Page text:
Lahore's artistic riches belie popular perceptions of the place. From miniature paintings of the Mughal era to present day cartoons, there is much that is waiting to be discovered.

In 982 CE an unknown writer described Lahore as ‘a town with numberous districts', in which there are ‘markets and idol-temples, pine trees, almond trees and coconut trees…. All the inhabitants are idolators and there are no Muslims there'. Raiders came down regularly from the North, but it was not till 1014 that the Ghaznavids built the first Muslim settlements. After 1187 the city was one of their two capitals, and became the entrepot through which the Central Asian rulers established themselves in India. Today it is one of the most vibrant cultural centres in the subcontinent.

Marg's new book is a more comprehensive survey than the sub-title suggests. It includes a chapter on contemporary political cartoons, which have been periodically suppressed under martial law but are still alive and flourishing. The cartoonist's art is the vital corrective that prevents a society from sinking into corruption and tyranny, as the writer points out.

Division of labour

This reviewer is delighted to find three chapters devoted to miniature painting. Barbara Schmitz shows how the method of producing paintings for illustrated books was inherited by the Mughals from the court of 15th and 16th century Persia, and was used later, with modifications, by Muhammad Baksh, Lahore's famous bookmaker in the time of Ranjit Singh. When one remembers that Akbar's kitabkhana employed more than 100 workers the division of labour was, of necessity, highly regulated. The chief librarian planned the layout and portioned assignments; and there were specialists in calligraphy, illumination and the drawing of margins, while the less skilled artisans ground pigments or made paper. The painters too specialised, some filling in the layout, others the background, while the masters worked on the faces and gave the miniature its finishing touches. All were wage earners, and an outstanding performer could get a bonus.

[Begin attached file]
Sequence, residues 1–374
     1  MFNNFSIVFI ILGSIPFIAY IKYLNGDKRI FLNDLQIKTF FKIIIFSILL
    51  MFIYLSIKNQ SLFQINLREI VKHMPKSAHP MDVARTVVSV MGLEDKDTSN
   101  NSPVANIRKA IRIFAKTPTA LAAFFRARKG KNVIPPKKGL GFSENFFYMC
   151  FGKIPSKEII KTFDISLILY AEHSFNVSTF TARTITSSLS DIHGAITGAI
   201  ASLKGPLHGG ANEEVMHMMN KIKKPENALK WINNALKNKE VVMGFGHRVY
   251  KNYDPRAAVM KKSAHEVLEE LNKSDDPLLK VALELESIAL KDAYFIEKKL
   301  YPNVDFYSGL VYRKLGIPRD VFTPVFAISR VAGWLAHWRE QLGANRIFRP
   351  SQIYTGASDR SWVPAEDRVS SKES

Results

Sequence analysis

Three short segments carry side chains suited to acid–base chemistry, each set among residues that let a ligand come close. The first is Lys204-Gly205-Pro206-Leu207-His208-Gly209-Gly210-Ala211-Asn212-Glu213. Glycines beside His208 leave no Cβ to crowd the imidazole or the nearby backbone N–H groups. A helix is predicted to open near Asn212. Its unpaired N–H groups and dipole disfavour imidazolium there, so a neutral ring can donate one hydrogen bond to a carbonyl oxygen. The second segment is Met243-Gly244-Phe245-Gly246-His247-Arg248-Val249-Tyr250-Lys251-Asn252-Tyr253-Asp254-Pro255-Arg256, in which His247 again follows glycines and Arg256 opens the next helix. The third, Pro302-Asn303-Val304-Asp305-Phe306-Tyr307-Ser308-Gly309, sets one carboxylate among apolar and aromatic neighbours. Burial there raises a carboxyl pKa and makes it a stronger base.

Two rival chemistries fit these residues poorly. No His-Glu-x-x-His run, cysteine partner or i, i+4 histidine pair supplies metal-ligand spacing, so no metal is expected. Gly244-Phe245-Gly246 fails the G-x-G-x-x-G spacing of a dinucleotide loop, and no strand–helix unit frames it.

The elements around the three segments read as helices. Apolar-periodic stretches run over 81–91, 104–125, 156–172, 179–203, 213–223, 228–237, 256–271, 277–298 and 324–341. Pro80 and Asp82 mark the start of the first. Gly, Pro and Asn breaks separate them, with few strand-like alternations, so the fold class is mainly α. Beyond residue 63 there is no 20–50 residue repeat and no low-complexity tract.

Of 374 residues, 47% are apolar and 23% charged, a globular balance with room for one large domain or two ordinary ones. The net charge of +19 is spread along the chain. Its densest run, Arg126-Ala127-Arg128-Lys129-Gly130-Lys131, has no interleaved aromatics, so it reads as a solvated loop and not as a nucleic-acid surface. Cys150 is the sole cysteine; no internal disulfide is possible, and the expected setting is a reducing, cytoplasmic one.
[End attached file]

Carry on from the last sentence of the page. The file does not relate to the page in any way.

Muhammad Baksh employed about 30 calligraphers and possibly as many painters, and was himself a talented artist and copyist. His books for Lahoris were made in the colours they preferred: gold, lapis and wine red, but he also accepted commissions from Rajahs of neighbouring states and exported books as far afield as Iran. When the printing press finally came to Lahore his flourishing business could no longer be sustained.

Miniature painting on ivory was a skill that originated in 17th century Italy, from where it travelled to England, and on to India a century later. The Lahore Museum has almost 100 pieces, generally oval in shape, with portraits of royalty and Mughal and Sikh notables and gurus; or pictures of mosques, tombs and other monuments in Punjab, Delhi and its vicinity. In a unique piece an elaborate scene is crowded into a space measuring just 5 x 6.7 cm. showing Akbar the Second riding the royal elephant in a procession consisting of at least 50 tiny figures, with each detail of their clothing and accoutrements painstakingly filled in.

In a development that has attracted worldwide attention Lahore has been at the centre of a vigorous revival of the traditional miniaturist's art. Introduced as an academic discipline in 1945 it initially consisted of the replication of Mughal paintings and attracted few students. Forty years later it came into its own when painters like Imran Qureshi gave it a new direction. His art is a satirical tool through which he comments on the abuse of power, local and global, through imagery of missiles, targets, dots, grids and printed text.